The X25-M uses a trivial 0.15W when it's working and remains cold to the touch. It is silent in operation. The 80GB capacity is something of an issue but that should be resolved when the 160GB version goes on sale. It’s small but you could live with the capacity, especially if you RAID a few drives together.
Windows Vista Start-up Time
Shorter bars are better
The only problem with that plan is that you would end up bankrupt.
Intel gave us a price for the 80GB X25-M of $595 per drive when purchased in batches of 1000 drives. Judging by the list and retail prices of the Core 2 Q9650 at $530 per 1000, which sells for £360 and the Core 2 QX9650 ($999 per 1000 and £670), we reckon the X25-M will sell for about £399.
Could it mean that the 160GB X25-M will sell for £799?
That’s one heck of a lot of money for Joe Punter to pay for storage. It makes sense for the enterprise markets where they want to stuff blades with SSDs that use a tiny amount of power, generate no heat and deliver stacks of performance but for the rest of us the situation is more complicated.
Your reviewer has absolutely no doubt that SSD will eclipse HDD over the next few years - provided the price drops and the drives prove to have reliable data integrity.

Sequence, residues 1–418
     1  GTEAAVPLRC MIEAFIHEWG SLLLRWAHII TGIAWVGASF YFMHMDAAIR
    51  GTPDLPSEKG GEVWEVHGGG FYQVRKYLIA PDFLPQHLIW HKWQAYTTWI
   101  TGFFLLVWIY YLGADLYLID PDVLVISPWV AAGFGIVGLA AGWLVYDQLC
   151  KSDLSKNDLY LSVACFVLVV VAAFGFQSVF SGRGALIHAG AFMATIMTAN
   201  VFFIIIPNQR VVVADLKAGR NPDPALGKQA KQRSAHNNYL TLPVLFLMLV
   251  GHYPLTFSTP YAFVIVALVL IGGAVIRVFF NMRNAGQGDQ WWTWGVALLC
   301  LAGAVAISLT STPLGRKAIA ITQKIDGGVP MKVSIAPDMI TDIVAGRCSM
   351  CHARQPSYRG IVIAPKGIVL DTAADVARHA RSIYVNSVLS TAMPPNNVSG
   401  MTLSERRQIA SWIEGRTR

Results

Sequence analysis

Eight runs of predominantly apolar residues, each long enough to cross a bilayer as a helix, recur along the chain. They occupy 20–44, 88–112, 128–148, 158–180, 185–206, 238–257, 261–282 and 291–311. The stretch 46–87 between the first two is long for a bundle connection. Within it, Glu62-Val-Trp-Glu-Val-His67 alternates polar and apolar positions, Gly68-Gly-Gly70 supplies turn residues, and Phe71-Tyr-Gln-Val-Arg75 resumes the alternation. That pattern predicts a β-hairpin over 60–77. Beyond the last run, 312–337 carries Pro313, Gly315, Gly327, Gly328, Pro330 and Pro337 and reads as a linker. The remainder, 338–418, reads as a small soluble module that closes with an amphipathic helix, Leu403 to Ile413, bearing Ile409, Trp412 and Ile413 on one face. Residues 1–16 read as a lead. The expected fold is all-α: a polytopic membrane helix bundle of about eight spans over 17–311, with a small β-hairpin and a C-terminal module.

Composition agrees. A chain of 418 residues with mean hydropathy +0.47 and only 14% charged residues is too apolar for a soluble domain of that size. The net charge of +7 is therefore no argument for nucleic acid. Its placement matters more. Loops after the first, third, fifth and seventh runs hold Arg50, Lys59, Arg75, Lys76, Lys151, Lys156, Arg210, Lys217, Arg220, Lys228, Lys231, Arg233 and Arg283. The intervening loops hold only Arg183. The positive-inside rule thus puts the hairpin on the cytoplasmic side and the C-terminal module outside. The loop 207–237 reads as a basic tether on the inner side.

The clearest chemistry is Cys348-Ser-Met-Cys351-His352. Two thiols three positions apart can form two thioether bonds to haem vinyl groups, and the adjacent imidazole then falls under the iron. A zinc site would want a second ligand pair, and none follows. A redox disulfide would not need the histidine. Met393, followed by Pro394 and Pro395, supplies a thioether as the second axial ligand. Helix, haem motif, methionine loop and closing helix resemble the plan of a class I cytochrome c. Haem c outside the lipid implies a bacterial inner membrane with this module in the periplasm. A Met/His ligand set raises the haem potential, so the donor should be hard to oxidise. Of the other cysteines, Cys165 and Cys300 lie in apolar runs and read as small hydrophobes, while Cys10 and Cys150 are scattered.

You missed the interesting part...
Supposedly the interesting thing with intels SSD is their controllers.
There is a pretty insightful article at anandtech:
where they discuss the difference in wear-levelling and block management between Intels latest and the ubiquitous JMicron controllers used by everyone else. (Admittedly it reads like PR from Intel, but it still contains some interesting comparisons.)
The problem with Flash is that you need to erase a whole block in order to write a small amount of data. Typically the blocks are large (128 - 512kb) and erasing is slow. (On the order of several ms, up to hundreds of ms depending on power supply, memory contents and the phase of the moon.)
(Also noted at arstechnica: http://arstechnica.com/reviews/hardware/macbook-air-ssd-review.ars/1
and even by the reg: http://www.reghardware.co.uk/2008/07/22/sandisk_ssd_vista_beef/ )
It would have been interesting to see how Intes new controller handles all these aspects. (According to Anandtech pretty well, but I'd love to have it corroborated by you.)
Hmm... Tom's piece notwithstanding, I'd be interested to see how it speeds up my VMs. I have a number of (yes, defragmented) VMware VMs running demos and trials, and I can often sit waiting for several minutes while they sort themselves out - particularly the busier ones, and especially if I have too much running in the host and they start swapping. If an SSD knocked that down by even half, it'd be worth the money...
more on Tom's
Tom's followed up the SSD piece with this: